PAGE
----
There's no doubt that money can be made by owning shares of unprofitable businesses. For example, biotech and mining exploration companies often lose money for years before finding success with a new treatment or mineral discovery. But while the successes are well known, investors should not ignore the very many unprofitable companies that simply burn through all their cash and collapse.
Given this risk, we thought we'd take a look at whether Cresco Labs (CNSX:CL) shareholders should be worried about its cash burn. In this report, we will consider the company's annual negative free cash flow, henceforth referring to it as the 'cash burn'. We'll start by comparing its cash burn with its cash reserves in order to calculate its cash runway.
When Might Cresco Labs Run Out Of Money?
You can calculate a company's cash runway by dividing the amount of cash it has by the rate at which it is spending that cash. In June 2019, Cresco Labs had US$61m in cash, and was debt-free. Importantly, its cash burn was US$67m over the trailing twelve months. That means it had a cash runway of around 11 months as of June 2019. Notably, analysts forecast that Cresco Labs will break even (at a free cash flow level) in about 11 months. So there's a very good chance it won't need more cash, when you consider the burn rate will be reducing in that period. Depicted below, you can see how its cash holdings have changed over time.
How Well Is Cresco Labs Growing?
Notably, Cresco Labs actually ramped up its cash burn very hard and fast in the last year, by 192%, signifying heavy investment in the business. But shareholders are no doubt taking some confidence from the rockstar revenue growth of 315% during that same year. Considering both these factors, we're not particularly excited by its growth profile. While the past is always worth studying, it is the future that matters most of all. So you might want to take a peek at how much the company is expected to grow in the next few years.
How Easily Can Cresco Labs Raise Cash?
Given the trajectory of Cresco Labs's cash burn, many investors will already be thinking about how it might raise more cash in the future. Companies can raise capital through either debt or equity. Commonly, a business will sell new shares in itself to raise cash to drive growth. By comparing a company's annual cash burn to its total market capitalisation, we can estimate roughly how many shares it would have to issue in order to run the company for another year (at the same burn rate).
Cresco Labs has a market capitalisation of CA$639m and burnt through US$67m last year, which is 14% of the company's market value. Given that situation, it's fair to say the company wouldn't have much trouble raising more cash for growth, but shareholders would be somewhat diluted.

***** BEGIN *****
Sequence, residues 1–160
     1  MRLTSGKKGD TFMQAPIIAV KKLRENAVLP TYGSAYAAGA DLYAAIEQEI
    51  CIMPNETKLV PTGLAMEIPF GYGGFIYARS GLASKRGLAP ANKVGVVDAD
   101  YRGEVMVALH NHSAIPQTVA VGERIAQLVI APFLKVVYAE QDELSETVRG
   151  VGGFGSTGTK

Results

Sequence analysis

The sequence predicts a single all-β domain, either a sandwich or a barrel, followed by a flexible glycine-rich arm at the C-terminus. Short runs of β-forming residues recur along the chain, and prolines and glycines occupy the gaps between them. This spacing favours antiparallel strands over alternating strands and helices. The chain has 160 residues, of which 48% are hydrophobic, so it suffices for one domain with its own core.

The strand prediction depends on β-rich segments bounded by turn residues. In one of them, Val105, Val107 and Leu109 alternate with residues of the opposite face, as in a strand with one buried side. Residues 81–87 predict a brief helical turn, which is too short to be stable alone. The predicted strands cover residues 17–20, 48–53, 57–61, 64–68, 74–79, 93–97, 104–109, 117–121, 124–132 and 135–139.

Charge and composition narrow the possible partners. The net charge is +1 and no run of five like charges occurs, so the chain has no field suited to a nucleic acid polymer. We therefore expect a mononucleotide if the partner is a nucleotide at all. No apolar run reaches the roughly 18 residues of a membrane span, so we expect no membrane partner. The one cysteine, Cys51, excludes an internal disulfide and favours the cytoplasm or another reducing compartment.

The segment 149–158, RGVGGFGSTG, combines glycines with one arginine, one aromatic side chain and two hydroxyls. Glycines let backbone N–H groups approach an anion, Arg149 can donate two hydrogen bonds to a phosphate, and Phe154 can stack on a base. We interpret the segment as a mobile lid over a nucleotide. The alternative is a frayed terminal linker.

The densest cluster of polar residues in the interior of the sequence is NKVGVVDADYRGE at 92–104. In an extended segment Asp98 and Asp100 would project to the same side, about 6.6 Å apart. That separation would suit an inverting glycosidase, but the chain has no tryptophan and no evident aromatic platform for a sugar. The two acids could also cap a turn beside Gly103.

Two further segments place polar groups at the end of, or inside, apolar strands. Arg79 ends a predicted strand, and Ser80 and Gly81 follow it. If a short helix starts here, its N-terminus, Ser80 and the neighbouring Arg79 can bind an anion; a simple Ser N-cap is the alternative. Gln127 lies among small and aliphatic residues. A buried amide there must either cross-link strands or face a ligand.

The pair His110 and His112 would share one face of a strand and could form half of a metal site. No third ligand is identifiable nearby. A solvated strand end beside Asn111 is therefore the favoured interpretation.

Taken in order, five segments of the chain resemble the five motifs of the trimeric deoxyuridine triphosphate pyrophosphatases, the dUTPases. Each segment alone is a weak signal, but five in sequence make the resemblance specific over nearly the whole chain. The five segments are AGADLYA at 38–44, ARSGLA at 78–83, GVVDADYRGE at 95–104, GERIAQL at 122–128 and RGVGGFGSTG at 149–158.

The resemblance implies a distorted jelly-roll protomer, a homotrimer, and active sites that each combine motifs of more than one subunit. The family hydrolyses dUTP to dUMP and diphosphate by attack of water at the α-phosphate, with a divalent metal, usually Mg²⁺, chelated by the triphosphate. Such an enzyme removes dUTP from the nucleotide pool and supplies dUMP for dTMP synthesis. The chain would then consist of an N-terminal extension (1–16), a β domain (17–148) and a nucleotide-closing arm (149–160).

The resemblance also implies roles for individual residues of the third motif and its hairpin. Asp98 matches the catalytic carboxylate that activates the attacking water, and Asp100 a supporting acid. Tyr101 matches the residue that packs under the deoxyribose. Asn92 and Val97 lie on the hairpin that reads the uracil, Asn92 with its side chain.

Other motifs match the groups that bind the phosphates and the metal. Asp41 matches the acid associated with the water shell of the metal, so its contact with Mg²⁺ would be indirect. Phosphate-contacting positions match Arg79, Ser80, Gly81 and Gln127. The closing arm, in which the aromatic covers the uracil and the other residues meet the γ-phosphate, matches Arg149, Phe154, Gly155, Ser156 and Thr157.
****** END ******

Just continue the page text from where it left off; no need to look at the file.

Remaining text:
How Risky Is Cresco Labs's Cash Burn Situation?
It may already be apparent to you that we're relatively comfortable with the way Cresco Labs is burning through its cash. In particular, we think its revenue growth stands out as evidence that the company is well on top of its spending. Although we do find its increasing cash burn to be a bit of a negative, once we consider the other metrics mentioned in this article together, the overall picture is one we are comfortable with. There's no doubt that shareholders can take a lot of heart from the fact that analysts are forecasting it will reach breakeven before too long. Considering all the factors discussed in this article, we're not overly concerned about the company's cash burn, although we do think shareholders should keep an eye on how it develops. While it's important to consider hard data like the metrics discussed above, many investors would also be interested to note that Cresco Labs insiders have been trading shares in the company. Click here to find out if they have been buying or selling.
Of course, you might find a fantastic investment by looking elsewhere. So take a peek at this freelist of interesting companies, and this list of stocks growth stocks (according to analyst forecasts)
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If you spot an error that warrants correction, please contact the editor at firstname.lastname@example.org. This article by Simply Wall St is general in nature. It does not constitute a recommendation to buy or sell any stock, and does not take account of your objectives, or your financial situation. Simply Wall St has no position in the stocks mentioned. Thank you for reading.